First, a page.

The opinion of the court was delivered by: H. Kenneth Schroeder, Jr. United States Magistrate Judge
This case was referred to the undersigned by the Hon. Richard J. Arcara, pursuant to 28 U.S.C. § 636(b)(1), for all pretrial matters and to hear and report upon dispositive motions. Dkt. #177.
Plaintiffs' complaint alleges that members of the Nation of Islam/Al-Islam seeking to follow doctrine prohibiting the cutting of their hair were denied their rights pursuant to the First Amendment to the United States Constitution and the Religious Land Use and Institutionalized Persons Act of 2000 ("RLUIPA"), by DOCS' policy of refusing to permit individuals who have designated their religion as anything other than Rastafarian to wear dreadlocks. Dkt. #22.
Currently before the Court is plaintiff Anthony D. Amaker's motion to compel disclosure of the identities of defendant Deborah Doe and of Cental Office Review Committee ("CORC"), members who considered plaintiffs' grievance appeals. Dkt. #138.
On January 10, 2007, prior to the preliminary pretrial conference, plaintiffs served interrogatories seeking, inter alia, identification of Debby Doe, who was last seen working near the SHU visit room area near the reception draft room on September 29, 2006 during the 7-3 shift. Dkt. #138, p.7, ¶ 1. Plaintiffs' amended complaint alleges that at the school building on specified dates between April 1st and August 19, 2006, C.O. Debby Doe refused to allow plaintiff Hizullah to attend Islamic classes because he was wearing dreadlocks. Dkt. #22, ¶ 14. In accordance with Valentin v. Dinkins, 121 F.3d 72 (2d Cir. 1997), the Attorney General shall make reasonable inquiries into the identity of the female corrections officer working at the school building on the dates set forth in the amended complaint and at the time of scheduled Islamic classes and report to the Court its efforts in this regard no later than April 21, 2009.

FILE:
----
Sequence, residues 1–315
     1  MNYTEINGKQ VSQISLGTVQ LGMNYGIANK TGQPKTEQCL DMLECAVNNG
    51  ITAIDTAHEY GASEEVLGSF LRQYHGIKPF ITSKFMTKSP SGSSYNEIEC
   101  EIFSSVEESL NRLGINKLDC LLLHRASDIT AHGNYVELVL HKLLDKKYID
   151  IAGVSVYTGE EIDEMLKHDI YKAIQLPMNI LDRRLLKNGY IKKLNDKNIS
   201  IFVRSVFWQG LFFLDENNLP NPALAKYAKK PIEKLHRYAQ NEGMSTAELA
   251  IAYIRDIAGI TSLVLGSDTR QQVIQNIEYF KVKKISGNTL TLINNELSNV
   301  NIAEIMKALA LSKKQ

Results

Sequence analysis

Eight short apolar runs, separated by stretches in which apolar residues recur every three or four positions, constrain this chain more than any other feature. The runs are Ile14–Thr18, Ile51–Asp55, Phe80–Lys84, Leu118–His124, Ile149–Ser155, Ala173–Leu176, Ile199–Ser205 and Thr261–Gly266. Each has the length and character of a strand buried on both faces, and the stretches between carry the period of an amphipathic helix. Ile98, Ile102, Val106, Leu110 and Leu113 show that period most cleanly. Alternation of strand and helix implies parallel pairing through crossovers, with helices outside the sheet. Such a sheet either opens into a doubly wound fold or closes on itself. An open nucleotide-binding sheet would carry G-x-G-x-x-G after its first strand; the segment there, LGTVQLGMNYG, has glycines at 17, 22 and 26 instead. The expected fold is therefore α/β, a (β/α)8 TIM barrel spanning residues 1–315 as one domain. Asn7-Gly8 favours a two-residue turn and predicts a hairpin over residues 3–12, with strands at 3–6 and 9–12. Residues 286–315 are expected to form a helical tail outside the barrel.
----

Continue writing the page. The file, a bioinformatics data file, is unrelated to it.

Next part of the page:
Plaintiffs also requested identification of every employee on the CORC panel which decided seven grievances related to plaintiffs' claims. Dkt. #138, p.8, ¶ 4. However, CORC's failure to decide plaintiffs' grievance appeals in their favor does not give rise to a constitutional claim. See Hofelich v. Hopkins, No. 07-CV-6549, 2009 WL 210449, at *2 (W.D.N.Y. Jan. 26, 2009). As a result, plaintiffs cannot pursue a constitutional claim against these individuals. The Court notes that plaintiffs have served the appropriate parties with respect to their constitutional challenge to the validity of the policy on which CORC based its determination of plaintiffs' grievances. Accordingly, this aspect of plaintiffs' motion to compel is denied.
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